Swimming in gentle flavor.
After about the millionth time I threw some cod filets in the oven and broiled them the same (albeit tasty) way I always do for dinner, with lemon, butter, and dill, I needed a new move. Fish is one of the healthiest and sustainable proteins out there — provided that you buy the right fish. And this recipe for fish poached in coconut milk, adapted from Colu Henry, made our night. It is a simple, elegant meal with gentle but amazing flavor.
You’ll also like: New England Fish Chowder and Thai Coconut Chicken Curry
A Word About Sustainable Fish
I recommend that everyone print and keep handy this fold-up seafood guide from the Monterey Bay Aquarium, which tells you which fish are the best, ok, and worst choices both for safety and sustainability.
According to the Monterey Bay Aquarium, good choices include:
- Arctic Char (farmed)
- Bass (US farmed)
- Catfish (US)
- Clams (farmed), Cockles, Mussels (farmed)
- Cod: US, Atlantic
- Crab: King, Snow & Tanner (AK)
- Oysters (farmed & Canada)
- Prawn (Canada & US)
- Rockfish (AK, CA, OR & WA)
- Sablefish/Black Cod (AK)
- Salmon: New Zealand, Atlantic (BC & ME farmed) (CA, OR & WA)
- Scallops (farmed)
- Shrimp (US farmed)
- Tilapia (Canada, Ecuador, Peru & US)
- Trout (US farmed)
- Tuna: Albacore (trolls, pole and lines)
- Tuna: Skipjack (Pacific trolls, pole and lines)
- Bass: Striped (US gillnet, pound net)
- Cod: Atlantic (gillnet, longline, trawl)
- Cod: Pacific (Japan & Russia)
- Crab (Argentina, Asia & Russia)
- Halibut: Atlantic (wild)
- Spiny Lobster (Belize, Brazil, Honduras & Nicaragua)
- Mahi Mahi (imported)
- Salmon (Canada Atlantic, Chile, Norway & Scotland)
- Shrimp (non-US)
- Squid (Argentina, China, India, Thailand)
- Swordfish (imported longline)
- Tilapia (China)
- Tuna: Albacore (imported, except trolls, pole and lines)
- Tuna: Atlantic Bluefin (imported longlines), Pacific & Southern Bluefin, Skipjack (imported purse seines), Yellowfin (imported longlines except US)
It’s all a little hard to navigate, but for our purposes, the point is that US and Atlantic cod is sustainable. So let’s talk more about this effortless, gorgeous recipe.
Recipe Notes: Fish Poached in Coconut Milk
This recipe is closely adapted from the wonderful Colu Henry’s coconut-poached fish recipe for the New York Times. Her recipe errs on the mild side, so I tweaked the seasoning a bit. This can be made mild or spicy by simply adding or eliminating the hot Thai bird chili pepper. I love bird chilis, which give a real warmth without tasting harsh or making steam come out of your ears.
How to poach — and not poach — fish:
- Do keep the coconut milk at a gentle simmer. This allows the fish to remain tender, and gives enough time for the fish, shallot, garlic, and other ingredients to permeate the coconut milk, and vice versa.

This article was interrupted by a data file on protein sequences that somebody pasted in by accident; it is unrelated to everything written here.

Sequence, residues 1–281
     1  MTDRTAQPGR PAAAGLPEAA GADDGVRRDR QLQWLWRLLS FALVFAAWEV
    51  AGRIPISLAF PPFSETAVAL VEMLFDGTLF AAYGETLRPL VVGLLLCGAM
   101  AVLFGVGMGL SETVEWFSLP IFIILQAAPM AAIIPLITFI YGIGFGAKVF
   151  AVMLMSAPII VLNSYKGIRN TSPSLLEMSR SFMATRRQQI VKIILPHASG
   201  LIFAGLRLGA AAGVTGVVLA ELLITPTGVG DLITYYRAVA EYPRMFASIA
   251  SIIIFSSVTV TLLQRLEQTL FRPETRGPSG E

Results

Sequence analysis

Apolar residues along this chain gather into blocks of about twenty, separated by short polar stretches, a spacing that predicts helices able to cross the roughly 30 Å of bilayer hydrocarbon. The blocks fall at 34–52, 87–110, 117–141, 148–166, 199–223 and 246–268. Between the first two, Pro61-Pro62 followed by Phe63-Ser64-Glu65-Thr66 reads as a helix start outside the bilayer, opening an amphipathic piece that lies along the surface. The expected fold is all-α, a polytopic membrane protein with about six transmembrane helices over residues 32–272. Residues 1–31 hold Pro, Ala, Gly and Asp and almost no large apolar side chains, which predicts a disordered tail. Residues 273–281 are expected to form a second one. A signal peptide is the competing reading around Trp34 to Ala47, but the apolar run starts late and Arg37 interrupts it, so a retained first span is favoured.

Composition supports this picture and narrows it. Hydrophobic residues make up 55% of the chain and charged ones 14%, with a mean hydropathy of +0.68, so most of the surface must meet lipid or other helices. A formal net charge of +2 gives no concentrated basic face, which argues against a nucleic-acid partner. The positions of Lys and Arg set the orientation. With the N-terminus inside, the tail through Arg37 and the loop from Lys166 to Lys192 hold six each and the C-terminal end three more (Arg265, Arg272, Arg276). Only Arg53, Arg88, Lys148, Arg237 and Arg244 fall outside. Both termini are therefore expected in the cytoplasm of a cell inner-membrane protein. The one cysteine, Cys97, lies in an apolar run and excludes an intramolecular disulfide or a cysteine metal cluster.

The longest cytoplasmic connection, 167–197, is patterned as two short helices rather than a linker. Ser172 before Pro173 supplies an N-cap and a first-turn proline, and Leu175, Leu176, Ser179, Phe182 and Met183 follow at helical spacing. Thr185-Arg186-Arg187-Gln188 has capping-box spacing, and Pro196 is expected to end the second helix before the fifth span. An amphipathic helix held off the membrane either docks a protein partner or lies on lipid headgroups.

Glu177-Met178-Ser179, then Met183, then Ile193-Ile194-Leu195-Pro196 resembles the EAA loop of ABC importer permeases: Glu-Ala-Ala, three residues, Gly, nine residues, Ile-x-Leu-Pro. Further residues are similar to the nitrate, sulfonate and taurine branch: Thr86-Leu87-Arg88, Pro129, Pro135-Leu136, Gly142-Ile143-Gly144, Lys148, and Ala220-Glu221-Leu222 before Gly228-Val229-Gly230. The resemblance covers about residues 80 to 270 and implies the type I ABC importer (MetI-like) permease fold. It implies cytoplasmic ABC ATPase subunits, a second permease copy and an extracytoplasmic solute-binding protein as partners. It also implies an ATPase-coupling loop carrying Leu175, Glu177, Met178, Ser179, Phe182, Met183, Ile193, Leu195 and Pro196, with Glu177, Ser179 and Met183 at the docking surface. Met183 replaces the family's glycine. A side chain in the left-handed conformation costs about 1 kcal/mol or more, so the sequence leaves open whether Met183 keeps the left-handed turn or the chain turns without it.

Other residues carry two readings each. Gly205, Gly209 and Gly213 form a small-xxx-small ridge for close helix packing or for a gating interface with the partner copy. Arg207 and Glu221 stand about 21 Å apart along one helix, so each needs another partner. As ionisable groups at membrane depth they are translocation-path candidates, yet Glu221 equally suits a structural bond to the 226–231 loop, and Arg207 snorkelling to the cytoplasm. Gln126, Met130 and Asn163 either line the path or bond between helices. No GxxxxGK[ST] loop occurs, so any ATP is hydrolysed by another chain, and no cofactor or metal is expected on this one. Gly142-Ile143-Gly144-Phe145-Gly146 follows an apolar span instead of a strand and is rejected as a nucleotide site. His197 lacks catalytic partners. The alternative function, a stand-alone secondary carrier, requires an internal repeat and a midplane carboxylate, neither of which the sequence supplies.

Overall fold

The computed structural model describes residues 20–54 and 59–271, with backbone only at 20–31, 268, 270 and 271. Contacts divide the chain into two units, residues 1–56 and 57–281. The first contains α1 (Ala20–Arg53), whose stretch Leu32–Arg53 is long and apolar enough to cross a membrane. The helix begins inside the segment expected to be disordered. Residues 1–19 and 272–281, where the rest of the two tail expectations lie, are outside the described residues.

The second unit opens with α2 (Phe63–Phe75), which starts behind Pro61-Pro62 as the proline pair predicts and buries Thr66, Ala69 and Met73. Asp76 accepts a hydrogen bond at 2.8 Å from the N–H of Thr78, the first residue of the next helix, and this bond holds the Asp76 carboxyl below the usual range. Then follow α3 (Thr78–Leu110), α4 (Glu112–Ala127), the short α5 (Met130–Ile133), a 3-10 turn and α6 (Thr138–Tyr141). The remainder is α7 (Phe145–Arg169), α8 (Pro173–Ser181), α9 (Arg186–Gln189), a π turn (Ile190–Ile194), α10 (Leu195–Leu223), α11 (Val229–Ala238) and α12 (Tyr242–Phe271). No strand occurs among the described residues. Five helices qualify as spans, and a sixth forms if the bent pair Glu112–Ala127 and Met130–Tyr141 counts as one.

- Do not boil the coconut milk. This will toughen the fish and cook it before the flavors can come together.
Bok choy is the preferred vegetable here. But I could also see Napa cabbage, Swiss chard, spinach, or Chinese broccoli working well as a substitute.
Did you make this coconut milk-poached cod recipe? How did it turn out?
Fish Poached in Coconut Milk
- 24 ounces fresh cod filets
- 2 tablespoons neutral oil, such as canola
- 1 large shallot, thinly sliced
- 3 cloves garlic, peeled and thinly sliced
- 2 inch knob of fresh ginger, peeled and thinly sliced
- 1 Thai bird chili, peeled and sliced into very thin rounds (optional)
- 2 13-ounce cans coconut milk
- 1 tablespoon fish sauce
- 1 tablespoon light brown sugar or coconut sugar
- 7 ounces bok choy, bottoms removed and chopped into large pieces
- 1/4 cup roughly-chopped cilantro
- 2 scallions, green and light green parts, sliced thin
- 2 limes, 1 for juice and one for wedges to serve
- kosher salt, to taste
- Season the fish with a generous sprinkle of kosher salt. Set aside.
- Heat a skillet over medium heat with the oil. Add the shallot, garlic, ginger, and chili pepper (if using). Cook, stirring, until the shallot is translucent, about 2 minutes.
- Whisk in the coconut milk, juice of 1 lime, fish sauce, brown sugar or coconut sugar, and a generous pinch of salt. Bring to a simmer and add the fish. Turn the heat to low and cover. Poach the fish at a low simmer for 6 to 8 minutes, until the fish is cooked. Do not boil or the fish will be tough.PRO TIP: You will know the fish is cooked when it has turned very white and flaky.
- Remove the fish with a slotted spoon or spatula and divide it into the bowls.
- Add the bok choy to the coconut milk liquid and raise the heat to medium-low. Cook until just tender but not mushy, about 1 to 2 minutes. Taste the broth for seasoning.
- Divide the bok choy and broth among the bowls. Top with scallions, cilantro, and a couple of lime wedges. Serve hot.